Hollywood icons Clint Eastwood and Tom Hanks collaborate on Sully, based on the autobiographical book, Highest Duty, about Chesley 'Sully' Sullenberger, the pilot who landed the US Airways flight 1549 on the Hudson River, in 2009. Against all odds, Captain Sully saved all 155 lives onboard.
Eastwood, back in the director's seat, wanted to maintain the integrity and authenticity of the story. “I've seen a lot of movies on flight, most of which are fictional. But this one's a real story so it had to be as close to reality as you can make it,” says Eastwood.
Naturally, Hanks spent much quality time with the famed pilot. “Sully is a bit of a task master and didn't want his story maimed or altered or turned into something that it wasn't, and he was adamant about that. He was very particular about things he wanted to be right. And the thing is, we didn't need to make a bunch of stuff up to make it more dramatic because what actually happened is fabulous. It's bone chilling,” offers Hanks.
The unforgettable image of the survivors huddled on the wings of the plane as it bobbed, suddenly inert, on the Hudson is worthy of any action survival film. Even so, characteristically of Eastwood, there's more to the film than a straightforward survival trajectory. “You can't have a drama without conflict. You need the antagonist and the protagonist, and of course I knew about the story of the plane landing on the Hudson, but I said, 'What’s the conflict?’ Then when you read the script (penned by Todd Komarnicki) you realize, 'The conflict is within Sully himself,’ “Eastwood explains. “The National Transportation Safety Board and the investigators who critiqued his procedures made him feel insecure about it. ‘Did I do the right thing? Did I do the wrong thing? Could I have done it in a matter of 2-3 seconds less? Could I have taken this plane in coasting?' is what went through his mind.”
The burden of the film's success lies on the shoulders of Hanks in the titular role. No stranger to inhabiting the lives of fictional and real-life heroes – most recently evidenced in Bridge of Spies (2015) and Captain Phillips (2013) – as 'Sully,' we see him as a man grappling with one of the most difficult times in his life.
“He had been through the entire process of having all the attention and then writing the book. He realized what happens when you become a public figure and then 280 seconds of your life, and then your entire life, is examined,” says Hanks.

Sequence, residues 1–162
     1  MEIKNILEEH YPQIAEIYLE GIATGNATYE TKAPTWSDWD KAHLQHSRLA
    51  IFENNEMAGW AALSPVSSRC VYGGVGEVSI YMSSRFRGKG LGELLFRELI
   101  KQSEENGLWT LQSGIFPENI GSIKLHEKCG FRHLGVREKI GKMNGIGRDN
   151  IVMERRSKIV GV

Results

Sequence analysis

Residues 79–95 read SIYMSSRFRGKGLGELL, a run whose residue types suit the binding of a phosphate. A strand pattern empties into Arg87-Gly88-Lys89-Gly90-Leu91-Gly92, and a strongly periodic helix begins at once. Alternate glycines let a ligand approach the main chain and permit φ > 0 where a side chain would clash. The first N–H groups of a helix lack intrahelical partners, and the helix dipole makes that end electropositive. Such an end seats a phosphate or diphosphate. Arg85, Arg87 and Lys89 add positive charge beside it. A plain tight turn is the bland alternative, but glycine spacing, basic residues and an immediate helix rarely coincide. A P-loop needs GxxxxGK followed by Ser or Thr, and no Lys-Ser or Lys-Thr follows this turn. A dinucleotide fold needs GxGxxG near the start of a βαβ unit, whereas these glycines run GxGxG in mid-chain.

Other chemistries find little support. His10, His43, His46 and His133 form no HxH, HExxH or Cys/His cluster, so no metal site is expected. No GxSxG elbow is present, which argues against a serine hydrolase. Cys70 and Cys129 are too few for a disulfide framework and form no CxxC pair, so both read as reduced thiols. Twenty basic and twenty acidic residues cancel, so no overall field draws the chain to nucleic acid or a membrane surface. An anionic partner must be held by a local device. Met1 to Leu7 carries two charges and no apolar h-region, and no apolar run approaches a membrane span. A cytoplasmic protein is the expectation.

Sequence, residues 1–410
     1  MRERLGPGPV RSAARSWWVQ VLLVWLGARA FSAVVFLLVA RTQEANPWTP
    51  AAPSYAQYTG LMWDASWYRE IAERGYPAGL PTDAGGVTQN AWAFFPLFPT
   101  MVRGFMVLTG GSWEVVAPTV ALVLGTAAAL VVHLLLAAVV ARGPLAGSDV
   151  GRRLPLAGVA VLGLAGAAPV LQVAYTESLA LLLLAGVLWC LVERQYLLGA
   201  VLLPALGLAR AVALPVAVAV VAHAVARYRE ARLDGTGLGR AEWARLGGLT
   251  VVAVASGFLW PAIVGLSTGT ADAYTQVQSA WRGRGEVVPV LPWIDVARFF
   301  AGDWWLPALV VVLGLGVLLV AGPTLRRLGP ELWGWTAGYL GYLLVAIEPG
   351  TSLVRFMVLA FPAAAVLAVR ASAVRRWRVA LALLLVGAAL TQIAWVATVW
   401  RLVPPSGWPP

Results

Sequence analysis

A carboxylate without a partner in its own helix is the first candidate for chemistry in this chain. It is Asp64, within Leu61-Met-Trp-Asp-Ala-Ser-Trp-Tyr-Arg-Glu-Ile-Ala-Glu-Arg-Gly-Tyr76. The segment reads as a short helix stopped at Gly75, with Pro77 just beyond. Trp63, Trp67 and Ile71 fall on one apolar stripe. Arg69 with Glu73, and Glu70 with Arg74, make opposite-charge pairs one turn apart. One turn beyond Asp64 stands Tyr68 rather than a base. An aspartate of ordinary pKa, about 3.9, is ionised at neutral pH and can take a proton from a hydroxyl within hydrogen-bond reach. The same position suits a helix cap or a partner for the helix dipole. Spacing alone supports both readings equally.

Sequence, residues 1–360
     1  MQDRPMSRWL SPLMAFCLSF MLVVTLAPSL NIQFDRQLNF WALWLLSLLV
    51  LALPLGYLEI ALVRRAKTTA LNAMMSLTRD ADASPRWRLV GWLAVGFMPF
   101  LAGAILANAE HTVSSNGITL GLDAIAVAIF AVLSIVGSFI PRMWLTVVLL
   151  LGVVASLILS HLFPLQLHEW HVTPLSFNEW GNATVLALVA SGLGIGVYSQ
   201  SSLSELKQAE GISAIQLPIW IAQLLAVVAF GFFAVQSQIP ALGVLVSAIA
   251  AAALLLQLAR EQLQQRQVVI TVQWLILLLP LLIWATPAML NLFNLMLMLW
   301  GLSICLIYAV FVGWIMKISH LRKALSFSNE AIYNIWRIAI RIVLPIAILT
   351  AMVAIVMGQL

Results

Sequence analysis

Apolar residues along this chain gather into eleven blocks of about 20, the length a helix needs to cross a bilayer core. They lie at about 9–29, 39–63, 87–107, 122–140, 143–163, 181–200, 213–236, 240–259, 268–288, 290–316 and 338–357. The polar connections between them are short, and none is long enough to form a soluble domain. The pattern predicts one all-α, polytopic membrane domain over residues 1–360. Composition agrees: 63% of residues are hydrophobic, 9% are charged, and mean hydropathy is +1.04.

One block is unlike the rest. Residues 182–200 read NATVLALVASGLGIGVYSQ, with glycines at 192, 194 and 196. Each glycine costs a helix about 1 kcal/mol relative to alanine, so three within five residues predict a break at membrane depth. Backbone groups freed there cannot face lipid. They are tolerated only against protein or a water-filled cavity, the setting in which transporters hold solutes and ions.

The cast includes Aaron Eckhart, Laura Linney, and Anna Gunn. Echkart, who plays Sully's co-pilot, Jeff Skiles, says, “I did a lot of research. I talked to Jeff and a lot of the survivors and flight attendants. But the more I learned about flying, the less nervous I am now about flight in general.”
Air disaster movies have become a genre unto itself, but Eastwood's Sully falls outside the lines. Hanks says, “We're all familiar with the imagery of an air disaster, but not the actual forced-water landing. It was Sully himself who said to me a few times (Hanks imitates Sully) 'It was not a crash, Tom, it was a forced-water landing. Not the same thing.'”
Of course, Hanks not only had to sound like him, but take on the total look. “What is fun sometimes is if the guy you play has a mustache, then you have to grow one yourself. But overall, I have to say to look like him, I probably spent more time in the beauty parlor chair than I did in the cockpit.” For the sake of authenticity, Hanks went all the way. “The white hair, that was a bitch, man. There's only one-way to make hair white and that's chemical dyes and bleaches. It almost destroyed my hair. It just snapped off when the filming was done, so much so that I didn't even have to get a haircut.”